Alcatel-Lucent has achieved 10G speeds over traditional copper telephone lines while proving that copper can meet growing demand for 1G symmetrical services.
This breakthrough will provide operators with the flexibility to choose between FTTH installations and almost-FTTH, depending on local factors. Local factors are making or breaking the FTTH business case around the world.
The major factor inhibiting FTTH deployments is cost. While it takes time and money to install fiber under a street or even overhead for a neighborhood, it takes more time, money, marketing, and customer support resources to pull fiber into every home.
Fiber can be terminated at the curb, in the basement, or in the garage, with services then running over existing copper plant. This concept is not new and there are numerous FTTC (curb) and FTTD (door) deployments under way. Why FTTD? Some homeowners do not want fiber pulled into the living room simply for aesthetic reasons.
But can copper compete with FTTH in terms of bandwidth? G.fast is likely to deliver speeds up to 500Mbps over a distance of 100 meters and possibly 1G in special cases. FTTH bandwidth per subscriber depends on a variety of technical and marketing factors. The 1G symmetrical marketing push by Google Fiber, AT&T, and others is encouraging some equipment vendors to focus beyond G.fast.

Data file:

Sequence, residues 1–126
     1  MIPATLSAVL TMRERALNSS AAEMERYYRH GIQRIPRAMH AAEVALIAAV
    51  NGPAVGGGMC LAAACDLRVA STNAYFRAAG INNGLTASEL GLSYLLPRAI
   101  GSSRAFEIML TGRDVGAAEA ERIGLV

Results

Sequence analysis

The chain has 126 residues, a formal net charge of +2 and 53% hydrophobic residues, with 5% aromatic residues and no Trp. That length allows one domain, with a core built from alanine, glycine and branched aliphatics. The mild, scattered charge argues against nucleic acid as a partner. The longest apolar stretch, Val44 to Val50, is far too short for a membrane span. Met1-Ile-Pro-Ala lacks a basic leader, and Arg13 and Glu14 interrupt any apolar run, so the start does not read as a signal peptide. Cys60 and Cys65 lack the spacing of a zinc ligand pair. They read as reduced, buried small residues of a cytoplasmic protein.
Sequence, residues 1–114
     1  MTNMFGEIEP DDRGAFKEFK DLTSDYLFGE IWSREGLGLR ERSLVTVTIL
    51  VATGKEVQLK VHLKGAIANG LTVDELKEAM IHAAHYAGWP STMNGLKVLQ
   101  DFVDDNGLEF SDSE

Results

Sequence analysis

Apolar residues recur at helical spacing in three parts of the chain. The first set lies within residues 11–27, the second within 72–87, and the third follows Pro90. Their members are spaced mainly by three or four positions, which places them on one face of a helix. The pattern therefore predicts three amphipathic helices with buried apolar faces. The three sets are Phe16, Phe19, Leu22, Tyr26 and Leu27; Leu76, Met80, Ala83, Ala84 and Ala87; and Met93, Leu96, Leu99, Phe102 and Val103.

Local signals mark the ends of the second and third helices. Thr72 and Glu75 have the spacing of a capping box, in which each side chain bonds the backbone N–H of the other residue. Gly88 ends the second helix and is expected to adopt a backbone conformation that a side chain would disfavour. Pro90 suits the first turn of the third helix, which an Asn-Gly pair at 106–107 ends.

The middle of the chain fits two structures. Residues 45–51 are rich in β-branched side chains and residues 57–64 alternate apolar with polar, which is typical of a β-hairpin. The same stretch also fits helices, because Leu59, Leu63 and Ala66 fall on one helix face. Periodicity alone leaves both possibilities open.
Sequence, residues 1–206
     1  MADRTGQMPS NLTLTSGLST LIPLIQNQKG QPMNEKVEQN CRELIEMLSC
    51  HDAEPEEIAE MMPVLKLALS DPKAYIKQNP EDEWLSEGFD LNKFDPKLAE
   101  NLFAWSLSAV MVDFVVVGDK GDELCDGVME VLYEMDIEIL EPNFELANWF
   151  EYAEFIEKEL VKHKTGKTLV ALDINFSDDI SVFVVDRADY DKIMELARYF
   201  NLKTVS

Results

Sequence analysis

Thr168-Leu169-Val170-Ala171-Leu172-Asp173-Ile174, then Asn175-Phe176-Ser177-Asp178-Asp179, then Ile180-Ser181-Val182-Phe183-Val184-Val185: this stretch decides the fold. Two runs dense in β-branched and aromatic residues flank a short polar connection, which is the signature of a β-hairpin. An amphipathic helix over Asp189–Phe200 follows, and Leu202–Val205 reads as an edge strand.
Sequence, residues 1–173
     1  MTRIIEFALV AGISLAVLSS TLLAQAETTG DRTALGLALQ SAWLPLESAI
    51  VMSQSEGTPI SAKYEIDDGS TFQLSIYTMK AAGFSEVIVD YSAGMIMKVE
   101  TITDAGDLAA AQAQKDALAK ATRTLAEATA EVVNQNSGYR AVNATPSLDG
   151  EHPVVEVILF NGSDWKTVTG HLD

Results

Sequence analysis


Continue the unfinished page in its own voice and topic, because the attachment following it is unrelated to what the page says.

Alcatel-Lucent’s recent announcement of 10G over traditional copper telephone lines is a leading example of pushing copper’s limits. This push is not based on copper-versus-fiber beliefs. We believe the push is to provide telcos with more choices and more flexibility in designing next-gen wireline broadband networks that meet both future bandwidth requirements and network monetization.
We expect to hear more about Alcatel-Lucent’s efforts to extend G.fast to XG-Fast once G.fast is ratified later this year.
Julie Kunstler is a principal analyst for intelligent networks at Ovum. For more information, visit www.ovum.com/